WEEK FOUR: TORTURE PORN & POST-HORROR

QUESTION ONE:

The role of torture in the Saw and Hostel film franchises is to play on the viewers fears over the human body, on a physical and metaphorical level. These fears are linked to the wider societal fears of the time, following the terrorism and torture scandals of the early 2000s. 

In the Saw franchise, the use of torture plays on the idea of justice and punishment. The torture victims of Saw are being put through a sadistic atonement process which will only end by mutilating their body or death. The role of torture here is to push audiences to question the morality of torture. There is context and reason given to each torture a victim has to endure, so the audience understand these are not random attacks. Therefore, as the torture was an consequential punishment based on morality, it raised the question whether torture could be justified. Wilson (2005) claims that, the dynamic camera work and editing of these films blurred viewpoints, literally and morally. Audiences were not able to be by-standers, they were both the torturer and the tortured. The unavoidable violence and torture used in the Saw series questions the audiences moral standpoint on this issue.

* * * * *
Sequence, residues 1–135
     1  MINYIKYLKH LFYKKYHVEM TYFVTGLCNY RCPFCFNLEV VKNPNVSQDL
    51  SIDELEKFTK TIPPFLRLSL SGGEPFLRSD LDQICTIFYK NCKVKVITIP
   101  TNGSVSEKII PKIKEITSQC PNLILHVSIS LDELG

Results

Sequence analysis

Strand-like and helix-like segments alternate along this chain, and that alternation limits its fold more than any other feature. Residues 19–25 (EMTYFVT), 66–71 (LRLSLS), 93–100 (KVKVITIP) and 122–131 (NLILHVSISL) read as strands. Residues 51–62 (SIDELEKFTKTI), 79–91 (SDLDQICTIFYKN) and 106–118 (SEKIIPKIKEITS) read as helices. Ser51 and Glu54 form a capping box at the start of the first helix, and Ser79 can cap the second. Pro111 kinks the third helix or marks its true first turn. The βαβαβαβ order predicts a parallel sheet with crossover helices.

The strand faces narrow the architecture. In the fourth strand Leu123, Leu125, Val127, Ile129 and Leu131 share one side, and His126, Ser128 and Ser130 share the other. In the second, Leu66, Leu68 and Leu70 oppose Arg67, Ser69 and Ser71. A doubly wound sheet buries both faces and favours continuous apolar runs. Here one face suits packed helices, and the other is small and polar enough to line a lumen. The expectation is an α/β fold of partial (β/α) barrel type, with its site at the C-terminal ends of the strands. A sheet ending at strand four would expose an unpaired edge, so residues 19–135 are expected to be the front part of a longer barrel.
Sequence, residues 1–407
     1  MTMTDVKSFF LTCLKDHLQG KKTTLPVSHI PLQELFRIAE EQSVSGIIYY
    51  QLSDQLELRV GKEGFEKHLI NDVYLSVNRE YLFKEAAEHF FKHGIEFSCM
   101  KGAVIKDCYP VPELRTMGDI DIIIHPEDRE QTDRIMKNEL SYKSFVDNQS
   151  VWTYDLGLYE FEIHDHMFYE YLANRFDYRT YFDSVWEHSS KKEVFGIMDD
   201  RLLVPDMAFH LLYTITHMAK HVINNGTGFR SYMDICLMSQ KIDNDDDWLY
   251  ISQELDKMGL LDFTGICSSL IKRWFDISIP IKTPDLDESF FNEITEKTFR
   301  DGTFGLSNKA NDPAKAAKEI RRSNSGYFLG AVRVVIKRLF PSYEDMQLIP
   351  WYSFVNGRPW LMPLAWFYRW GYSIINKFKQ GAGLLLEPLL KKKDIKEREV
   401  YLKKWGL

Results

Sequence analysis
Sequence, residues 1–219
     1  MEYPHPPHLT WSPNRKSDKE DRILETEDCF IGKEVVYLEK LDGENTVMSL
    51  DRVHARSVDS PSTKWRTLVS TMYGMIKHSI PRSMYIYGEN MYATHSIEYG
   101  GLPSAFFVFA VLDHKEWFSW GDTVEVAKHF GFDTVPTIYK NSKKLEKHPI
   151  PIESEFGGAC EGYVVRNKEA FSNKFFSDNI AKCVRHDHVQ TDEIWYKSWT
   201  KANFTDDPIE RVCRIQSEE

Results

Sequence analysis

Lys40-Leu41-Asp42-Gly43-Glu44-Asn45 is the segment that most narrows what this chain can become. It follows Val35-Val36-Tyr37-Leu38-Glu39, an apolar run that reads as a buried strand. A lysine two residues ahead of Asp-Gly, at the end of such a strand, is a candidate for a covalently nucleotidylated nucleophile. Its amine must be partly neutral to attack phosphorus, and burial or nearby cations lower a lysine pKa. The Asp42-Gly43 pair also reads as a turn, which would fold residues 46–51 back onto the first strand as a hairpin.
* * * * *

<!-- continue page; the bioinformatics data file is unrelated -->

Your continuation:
In the Hostel series torture is used as a metaphor for the exploitive nature of large corporations (Eggerton, 2010). In the Hostel series, victims are abducted and then sold to the rich as essentially a piece of meat they can do anything to. They are objectifying the human body and reducing it to nothing more than a commodity. It begs the audience to ask themselves, where do we draw the line at what we can purchase? But also, what is the true cost of the products and services we buy? Hostel repositions torture from a form of intelligence gathering, to nothing more than a hobby for the excessively wealthy (Reyes, 2014). By giving both the torturers and victims a face, it also pushes the agenda that this could be a reality. It is not faceless monster completing these atrocities, it is humans, just like the audience.